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I do not know windows well, so that may explain my dilemma ...

I am trying to run bcdedit in Windows 2008R2 from Python 2.6.

My Python routine to run a command looks like this:

def run_program(cmd_str):
    """Run the specified command, returning its output as an array of lines"""
    dprint("run_program(%s): entering" % cmd_str)
    cmd_args = cmd_str.split()
    subproc = subprocess.Popen(cmd_args, stdout=subprocess.PIPE,
                               stderr=subprocess.PIPE, shell=True)
    (outf, errf) = (subproc.stdout, subproc.stderr)
    olines = outf.readlines()
    elines = errf.readlines()
    if Options.debug:
        if elines:
            dprint('Error output:')
            for line in elines:
        if olines:
            dprint('Normal output:')
            for line in olines:
    res = subproc.wait()
    dprint('wait result=', res)
    return (res, olines)

I call this function thusly:

(res, o) = run_program('bcdedit /set {current} MSI forcedisable')

This command works when I type it from a cmd window, and it works when I put it in a batch file and run it from a command window (as Administrator, of course).

But when I run it from Python (as Administrator), Python claims it can't find the command, returning:

bcdedit is not recognized as an internal or external command,
operable program or batch file

Also, if I trying running my batch file from Python (which works from the command line), it also fails. I've also tried it with the full path to bcdedit, with the same results.

What is it about calling bcdedit from Python that makes it not found?

Note that I can call other EXE files from Python, so I have some level of confidence that my Python code is sane ... but who knows.

Any help would be most appreciated.

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An update: when I copy bcdedit.exe from C:\Windows\System32 to my local directory, I can run it just fine! Might be something about the path? –  Lee-Man Jan 7 '10 at 1:50
I never did figure this out, but I worked around it by having a top-level batch file that copies bcdedit to my working directory then calls my python code (which runs the local bcdedit). I'm not happy about Python's apparent lack of functionality here ... (and I usually love python) –  Lee-Man Jan 8 '10 at 0:46

4 Answers 4

Perhaps the path to bcdedit.exe isn't in your system path when Python is running for some reason (a different user account, for example). You can find this out by printing:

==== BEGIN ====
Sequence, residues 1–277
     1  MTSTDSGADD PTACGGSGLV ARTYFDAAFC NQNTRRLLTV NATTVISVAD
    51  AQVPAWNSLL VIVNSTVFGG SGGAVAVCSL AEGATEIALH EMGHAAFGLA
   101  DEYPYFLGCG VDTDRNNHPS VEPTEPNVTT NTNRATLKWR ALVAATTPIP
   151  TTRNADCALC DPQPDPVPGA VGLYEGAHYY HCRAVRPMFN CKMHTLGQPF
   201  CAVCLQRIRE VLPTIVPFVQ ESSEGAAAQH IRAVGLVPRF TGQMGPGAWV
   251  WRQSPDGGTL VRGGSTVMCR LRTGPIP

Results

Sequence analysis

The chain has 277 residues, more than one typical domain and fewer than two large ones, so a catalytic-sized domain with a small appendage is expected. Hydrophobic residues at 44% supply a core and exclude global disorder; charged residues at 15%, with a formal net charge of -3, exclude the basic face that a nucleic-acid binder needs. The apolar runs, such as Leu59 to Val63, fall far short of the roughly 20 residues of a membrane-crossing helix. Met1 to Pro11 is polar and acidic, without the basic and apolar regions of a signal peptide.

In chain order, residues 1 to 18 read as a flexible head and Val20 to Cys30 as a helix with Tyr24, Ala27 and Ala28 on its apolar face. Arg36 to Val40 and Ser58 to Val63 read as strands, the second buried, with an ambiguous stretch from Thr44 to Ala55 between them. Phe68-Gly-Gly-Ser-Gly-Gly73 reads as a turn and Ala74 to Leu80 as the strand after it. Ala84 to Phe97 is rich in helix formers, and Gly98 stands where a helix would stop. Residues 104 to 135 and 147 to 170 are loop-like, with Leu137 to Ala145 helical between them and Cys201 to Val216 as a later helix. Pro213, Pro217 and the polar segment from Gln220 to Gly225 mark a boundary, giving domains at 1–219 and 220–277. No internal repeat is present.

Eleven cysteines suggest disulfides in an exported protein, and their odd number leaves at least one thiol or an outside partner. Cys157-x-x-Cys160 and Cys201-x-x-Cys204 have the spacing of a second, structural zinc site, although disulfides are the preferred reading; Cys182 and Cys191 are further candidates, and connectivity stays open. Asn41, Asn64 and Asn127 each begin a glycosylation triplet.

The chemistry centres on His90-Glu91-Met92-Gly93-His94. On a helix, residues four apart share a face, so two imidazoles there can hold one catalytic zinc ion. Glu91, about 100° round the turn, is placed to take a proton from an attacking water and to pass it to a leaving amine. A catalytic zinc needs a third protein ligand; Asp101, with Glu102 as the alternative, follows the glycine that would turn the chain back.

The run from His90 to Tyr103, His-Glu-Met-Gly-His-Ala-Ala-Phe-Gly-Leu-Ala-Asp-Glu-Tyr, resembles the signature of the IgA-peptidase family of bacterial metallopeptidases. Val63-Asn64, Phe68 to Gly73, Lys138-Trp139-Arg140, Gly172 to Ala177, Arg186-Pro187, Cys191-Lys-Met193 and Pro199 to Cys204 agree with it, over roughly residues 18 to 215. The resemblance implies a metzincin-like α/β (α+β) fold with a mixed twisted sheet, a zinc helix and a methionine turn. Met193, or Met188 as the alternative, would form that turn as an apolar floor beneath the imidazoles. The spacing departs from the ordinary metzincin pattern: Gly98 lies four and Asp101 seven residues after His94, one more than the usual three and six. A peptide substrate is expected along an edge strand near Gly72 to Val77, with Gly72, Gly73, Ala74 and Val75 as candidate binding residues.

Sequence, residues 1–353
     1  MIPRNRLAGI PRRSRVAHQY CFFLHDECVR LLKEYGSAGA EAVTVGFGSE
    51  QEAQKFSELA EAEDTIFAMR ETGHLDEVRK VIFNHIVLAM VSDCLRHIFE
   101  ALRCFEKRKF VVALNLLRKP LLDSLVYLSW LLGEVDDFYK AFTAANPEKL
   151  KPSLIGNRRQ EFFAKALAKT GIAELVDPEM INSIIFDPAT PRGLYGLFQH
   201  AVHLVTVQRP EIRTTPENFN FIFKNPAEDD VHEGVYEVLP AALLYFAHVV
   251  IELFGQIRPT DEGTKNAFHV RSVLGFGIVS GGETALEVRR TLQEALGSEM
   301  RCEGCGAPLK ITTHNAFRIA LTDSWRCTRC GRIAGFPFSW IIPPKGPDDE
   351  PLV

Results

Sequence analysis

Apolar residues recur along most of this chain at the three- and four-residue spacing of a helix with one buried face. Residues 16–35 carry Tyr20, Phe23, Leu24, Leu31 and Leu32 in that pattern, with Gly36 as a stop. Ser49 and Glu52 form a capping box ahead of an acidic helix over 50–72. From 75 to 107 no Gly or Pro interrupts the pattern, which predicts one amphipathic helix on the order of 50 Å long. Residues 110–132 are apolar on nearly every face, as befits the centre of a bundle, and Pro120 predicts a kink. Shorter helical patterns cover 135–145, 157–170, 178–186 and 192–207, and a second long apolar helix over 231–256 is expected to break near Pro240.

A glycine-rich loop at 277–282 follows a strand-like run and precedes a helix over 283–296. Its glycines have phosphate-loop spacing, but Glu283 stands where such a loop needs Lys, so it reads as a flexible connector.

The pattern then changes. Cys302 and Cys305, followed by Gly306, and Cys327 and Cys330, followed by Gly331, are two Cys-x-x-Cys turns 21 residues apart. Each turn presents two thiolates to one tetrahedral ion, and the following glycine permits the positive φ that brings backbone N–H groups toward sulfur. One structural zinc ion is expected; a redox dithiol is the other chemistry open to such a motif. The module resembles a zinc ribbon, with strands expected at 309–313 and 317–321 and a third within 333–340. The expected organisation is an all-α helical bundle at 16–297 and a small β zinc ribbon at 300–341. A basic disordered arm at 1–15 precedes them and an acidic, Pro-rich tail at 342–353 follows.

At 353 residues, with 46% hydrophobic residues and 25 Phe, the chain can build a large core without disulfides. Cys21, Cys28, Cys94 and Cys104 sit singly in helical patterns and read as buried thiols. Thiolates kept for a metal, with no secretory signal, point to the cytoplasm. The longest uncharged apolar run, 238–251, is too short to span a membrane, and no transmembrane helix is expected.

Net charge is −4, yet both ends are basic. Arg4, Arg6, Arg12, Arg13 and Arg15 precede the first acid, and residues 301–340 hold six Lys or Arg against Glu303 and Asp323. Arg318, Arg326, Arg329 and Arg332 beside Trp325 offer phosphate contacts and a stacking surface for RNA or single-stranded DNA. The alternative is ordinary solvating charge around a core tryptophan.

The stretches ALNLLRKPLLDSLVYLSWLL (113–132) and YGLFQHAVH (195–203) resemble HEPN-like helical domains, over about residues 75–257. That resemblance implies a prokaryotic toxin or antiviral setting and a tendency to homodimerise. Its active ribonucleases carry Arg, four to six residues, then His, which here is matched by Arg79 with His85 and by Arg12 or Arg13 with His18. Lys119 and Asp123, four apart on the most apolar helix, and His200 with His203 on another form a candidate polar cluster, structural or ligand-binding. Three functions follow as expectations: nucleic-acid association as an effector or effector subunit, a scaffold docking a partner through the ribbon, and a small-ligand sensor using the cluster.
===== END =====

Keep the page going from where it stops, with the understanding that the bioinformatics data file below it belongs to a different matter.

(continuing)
It's semicolon-delimited, so os.environ.get("PATH").split(';') might be more useful.

I can't see any reason why it wouldn't be there, but just in case, you should be looking for C:\Windows\System32, where C is your Windows drive letter.

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I already tried that, to no avail: same results! –  Lee-Man Jan 7 '10 at 1:28
Goddamnit. Perhaps check the permissions of bcdedit.exe to make sure all users can see it? –  Samir Talwar Jan 7 '10 at 15:23

Check your PATH variable and see if C:\windows\system32 is there. (use set in DOS)

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As mentioned above, I also tried using the full path name, and I can find other (non-hidden) programs in C:\Windows\System32 ... –  Lee-Man Jan 7 '10 at 21:10

Windows 2008 R2 is 64-bit-only, yes? Python's a 32-bit process. When a 32-bit app runs something from C:\Windows\System32, Windows actually looks in C:\Windows\SysWOW64. Use C:\Windows\SysNative.

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That sounds plausible. I'll try that when I get a chance. Thanks! –  Lee-Man Feb 18 '10 at 22:45

For some reason I experiment the same trouble from c#. If I list the files it was not here, but when I was looking from Explorer it was there. maybe it is some kind of protected file. To call bcdedit.exe, I manually copied it from system32 to my application folder and it worked. There is also another one in windows\winsxs folder. I can start it from my application, but I`m not sure it is the same path on all computers.

Hope it helps!

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